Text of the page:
(1) Vestments: The Celebrant’s vestments in the 1962 version are comically complicated: (a) The Celebrant begins the ceremony wearing only a black Stole; (b) before reading the Solemn Collects, the Celebrant dons a Cope; (c) when the Solemn Collects are finished, the Celebrant removes his Cope, wearing only a black Stole during the Veneration of the Cross; (d) after the Veneration of the Cross, the Celebrant puts on a purple Chasuble. The 1950 version was much simpler: the Celebrant wore a black Chasuble the entire ceremony, except for the Creeping to the Cross.
(2) Creeping to the Cross: This was done differently in 1950 and took longer.
(3) Opening Prayer: There is an “opening prayer” in the 1962 version that doesn’t exist in the 1950 version.
(4) Nomenclature: Whereas previously this ceremony was called “The Morning Office of Good Friday,” the reformers changed its name to: “Solemn Liturgical Service of the Afternoon of the Passion and Death of the Lord.”
(5) Prayer for the Jews: There are six versions of this prayer—1950, 1955, 1959, 1965, 1970, and 2008.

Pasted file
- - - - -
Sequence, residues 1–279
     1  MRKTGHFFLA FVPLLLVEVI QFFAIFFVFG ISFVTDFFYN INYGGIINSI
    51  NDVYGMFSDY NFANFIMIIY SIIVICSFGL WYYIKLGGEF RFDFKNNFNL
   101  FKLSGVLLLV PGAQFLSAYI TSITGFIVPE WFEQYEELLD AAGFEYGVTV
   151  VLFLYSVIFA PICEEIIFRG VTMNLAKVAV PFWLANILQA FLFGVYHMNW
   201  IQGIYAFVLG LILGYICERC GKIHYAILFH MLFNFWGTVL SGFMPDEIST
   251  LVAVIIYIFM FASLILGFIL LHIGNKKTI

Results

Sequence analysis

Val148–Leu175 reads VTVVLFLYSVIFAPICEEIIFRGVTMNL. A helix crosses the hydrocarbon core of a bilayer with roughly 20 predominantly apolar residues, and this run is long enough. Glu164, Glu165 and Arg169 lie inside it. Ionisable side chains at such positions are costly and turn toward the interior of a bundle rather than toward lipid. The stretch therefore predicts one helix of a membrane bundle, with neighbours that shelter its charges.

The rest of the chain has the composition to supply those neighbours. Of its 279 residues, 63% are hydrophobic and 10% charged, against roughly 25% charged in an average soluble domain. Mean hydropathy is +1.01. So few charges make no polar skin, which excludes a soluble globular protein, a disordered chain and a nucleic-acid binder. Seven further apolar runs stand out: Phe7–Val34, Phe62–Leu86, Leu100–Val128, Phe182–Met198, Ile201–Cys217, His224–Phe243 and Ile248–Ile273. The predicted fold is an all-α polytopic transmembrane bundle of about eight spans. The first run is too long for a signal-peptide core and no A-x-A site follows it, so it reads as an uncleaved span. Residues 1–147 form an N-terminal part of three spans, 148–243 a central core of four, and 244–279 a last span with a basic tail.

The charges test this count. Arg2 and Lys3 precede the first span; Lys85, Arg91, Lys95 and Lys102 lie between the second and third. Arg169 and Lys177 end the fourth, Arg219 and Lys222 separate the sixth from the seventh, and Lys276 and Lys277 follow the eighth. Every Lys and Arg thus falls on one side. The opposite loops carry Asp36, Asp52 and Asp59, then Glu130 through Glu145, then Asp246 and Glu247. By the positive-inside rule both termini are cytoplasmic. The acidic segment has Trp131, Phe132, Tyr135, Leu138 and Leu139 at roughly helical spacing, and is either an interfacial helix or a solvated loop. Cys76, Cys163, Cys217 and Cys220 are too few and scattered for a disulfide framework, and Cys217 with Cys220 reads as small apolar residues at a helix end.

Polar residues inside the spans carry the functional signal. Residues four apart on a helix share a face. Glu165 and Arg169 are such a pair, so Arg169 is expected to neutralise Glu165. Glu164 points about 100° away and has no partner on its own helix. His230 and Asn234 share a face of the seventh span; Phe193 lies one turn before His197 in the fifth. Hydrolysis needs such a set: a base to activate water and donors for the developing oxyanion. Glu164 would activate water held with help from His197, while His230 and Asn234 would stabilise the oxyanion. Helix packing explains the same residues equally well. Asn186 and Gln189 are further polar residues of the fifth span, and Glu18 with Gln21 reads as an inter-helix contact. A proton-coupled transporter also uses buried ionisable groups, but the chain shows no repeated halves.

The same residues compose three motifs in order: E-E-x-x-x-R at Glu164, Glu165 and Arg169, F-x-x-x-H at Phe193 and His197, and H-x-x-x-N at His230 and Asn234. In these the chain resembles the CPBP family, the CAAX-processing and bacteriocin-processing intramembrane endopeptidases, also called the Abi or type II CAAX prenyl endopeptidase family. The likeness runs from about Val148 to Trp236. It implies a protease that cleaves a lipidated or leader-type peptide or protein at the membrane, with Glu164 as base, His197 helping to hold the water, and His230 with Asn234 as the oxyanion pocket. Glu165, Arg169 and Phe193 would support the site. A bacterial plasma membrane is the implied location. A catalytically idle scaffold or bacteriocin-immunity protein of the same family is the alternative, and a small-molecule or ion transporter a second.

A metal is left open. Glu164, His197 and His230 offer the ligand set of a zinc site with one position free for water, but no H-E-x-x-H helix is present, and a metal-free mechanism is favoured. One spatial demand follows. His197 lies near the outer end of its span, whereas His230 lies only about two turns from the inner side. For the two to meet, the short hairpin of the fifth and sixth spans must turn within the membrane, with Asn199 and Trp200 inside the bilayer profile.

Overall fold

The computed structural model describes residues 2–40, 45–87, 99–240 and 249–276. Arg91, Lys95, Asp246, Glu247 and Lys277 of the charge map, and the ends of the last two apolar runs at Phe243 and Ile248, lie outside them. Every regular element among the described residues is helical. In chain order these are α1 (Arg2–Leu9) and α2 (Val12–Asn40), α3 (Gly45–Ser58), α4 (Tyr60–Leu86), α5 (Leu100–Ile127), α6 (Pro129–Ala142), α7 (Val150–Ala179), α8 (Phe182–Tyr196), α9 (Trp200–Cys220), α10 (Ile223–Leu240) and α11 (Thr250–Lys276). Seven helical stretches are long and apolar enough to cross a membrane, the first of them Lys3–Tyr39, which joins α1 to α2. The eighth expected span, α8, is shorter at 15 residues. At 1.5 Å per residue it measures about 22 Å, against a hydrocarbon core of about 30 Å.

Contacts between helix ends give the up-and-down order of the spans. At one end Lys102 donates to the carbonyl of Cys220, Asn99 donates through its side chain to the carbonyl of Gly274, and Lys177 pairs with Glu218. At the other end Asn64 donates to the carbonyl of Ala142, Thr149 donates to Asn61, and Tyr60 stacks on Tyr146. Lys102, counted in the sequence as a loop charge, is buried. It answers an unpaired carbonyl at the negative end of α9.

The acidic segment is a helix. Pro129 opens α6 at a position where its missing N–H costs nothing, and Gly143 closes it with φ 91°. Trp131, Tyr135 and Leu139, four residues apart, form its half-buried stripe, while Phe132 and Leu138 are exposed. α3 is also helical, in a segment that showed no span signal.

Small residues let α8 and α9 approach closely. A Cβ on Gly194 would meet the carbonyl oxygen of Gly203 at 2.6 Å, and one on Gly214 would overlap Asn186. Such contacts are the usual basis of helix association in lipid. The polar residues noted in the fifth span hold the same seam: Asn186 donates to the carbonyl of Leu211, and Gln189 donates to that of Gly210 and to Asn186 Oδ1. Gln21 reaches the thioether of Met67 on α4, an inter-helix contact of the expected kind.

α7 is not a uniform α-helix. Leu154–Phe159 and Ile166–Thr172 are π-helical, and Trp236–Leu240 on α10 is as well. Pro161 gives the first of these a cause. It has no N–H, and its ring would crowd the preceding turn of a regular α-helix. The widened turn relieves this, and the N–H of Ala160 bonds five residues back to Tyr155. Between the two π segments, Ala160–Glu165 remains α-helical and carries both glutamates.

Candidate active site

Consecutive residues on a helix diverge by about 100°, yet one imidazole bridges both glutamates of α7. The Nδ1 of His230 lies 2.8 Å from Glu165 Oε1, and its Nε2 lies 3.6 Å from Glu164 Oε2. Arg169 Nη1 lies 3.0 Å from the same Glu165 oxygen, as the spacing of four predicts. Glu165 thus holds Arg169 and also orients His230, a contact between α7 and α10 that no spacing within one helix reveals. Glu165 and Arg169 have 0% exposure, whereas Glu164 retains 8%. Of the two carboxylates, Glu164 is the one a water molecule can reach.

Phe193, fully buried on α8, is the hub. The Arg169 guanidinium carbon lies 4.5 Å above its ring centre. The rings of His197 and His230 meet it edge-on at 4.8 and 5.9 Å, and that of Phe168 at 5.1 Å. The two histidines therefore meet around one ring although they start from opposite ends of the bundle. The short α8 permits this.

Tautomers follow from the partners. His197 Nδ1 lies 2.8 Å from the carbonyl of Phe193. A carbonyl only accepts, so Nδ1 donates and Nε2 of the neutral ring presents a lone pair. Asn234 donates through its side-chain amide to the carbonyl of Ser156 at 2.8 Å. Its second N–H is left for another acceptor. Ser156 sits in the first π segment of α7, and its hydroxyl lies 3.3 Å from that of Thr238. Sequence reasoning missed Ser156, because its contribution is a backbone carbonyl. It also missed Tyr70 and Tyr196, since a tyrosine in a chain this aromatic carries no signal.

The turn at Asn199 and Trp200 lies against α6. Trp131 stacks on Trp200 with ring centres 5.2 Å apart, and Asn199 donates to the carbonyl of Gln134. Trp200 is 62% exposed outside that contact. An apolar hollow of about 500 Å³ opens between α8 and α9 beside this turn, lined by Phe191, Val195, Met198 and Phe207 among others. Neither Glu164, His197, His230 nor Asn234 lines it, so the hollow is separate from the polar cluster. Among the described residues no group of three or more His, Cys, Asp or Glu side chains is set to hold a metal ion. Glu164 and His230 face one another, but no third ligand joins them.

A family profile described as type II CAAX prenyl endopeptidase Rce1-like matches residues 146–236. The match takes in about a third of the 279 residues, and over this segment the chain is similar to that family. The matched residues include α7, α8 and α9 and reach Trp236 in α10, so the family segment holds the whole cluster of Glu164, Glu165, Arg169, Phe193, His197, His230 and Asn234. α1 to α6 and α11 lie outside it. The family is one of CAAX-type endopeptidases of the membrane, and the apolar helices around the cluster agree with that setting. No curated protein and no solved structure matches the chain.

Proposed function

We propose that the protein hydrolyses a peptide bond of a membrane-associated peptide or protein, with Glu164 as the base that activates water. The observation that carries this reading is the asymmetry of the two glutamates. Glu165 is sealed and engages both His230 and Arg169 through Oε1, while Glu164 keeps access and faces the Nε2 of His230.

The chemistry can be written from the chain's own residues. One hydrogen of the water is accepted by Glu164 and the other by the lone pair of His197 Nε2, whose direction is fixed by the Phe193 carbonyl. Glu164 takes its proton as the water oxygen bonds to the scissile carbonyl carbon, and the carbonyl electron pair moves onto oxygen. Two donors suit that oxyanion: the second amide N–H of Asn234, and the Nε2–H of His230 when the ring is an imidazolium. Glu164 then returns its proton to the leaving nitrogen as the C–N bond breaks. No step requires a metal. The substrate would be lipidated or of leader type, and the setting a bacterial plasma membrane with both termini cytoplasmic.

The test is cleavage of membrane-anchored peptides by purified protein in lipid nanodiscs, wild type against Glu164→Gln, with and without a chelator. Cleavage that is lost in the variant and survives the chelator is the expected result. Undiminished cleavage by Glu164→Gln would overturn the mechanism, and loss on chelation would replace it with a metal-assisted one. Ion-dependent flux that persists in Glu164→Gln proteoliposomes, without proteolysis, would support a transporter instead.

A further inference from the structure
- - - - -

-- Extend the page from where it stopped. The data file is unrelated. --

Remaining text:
(6) Homily: The 1962 version of Good Friday seems to forbid a sermon, whereas the 1950 version allows it.
(7) Book Placement: In the 1950 version, the collects are read at the Epistle corner, whereas in the 1962 version the Missal is placed “at the center of the altar.”
(8) Subdeacon demoted: In the 1950 version, the Subdeacon said “Leváte,” but in the 1962 version, the Deacon does that.
(9) Lord’s Prayer: When the reformers revised the Missa Praesanctificatorum, they had the faithful recite the complete “Pater Noster” along with the priest, whereas traditionally the priest sang the first part and the faithful completed it with: “sed líbera nos a málo.”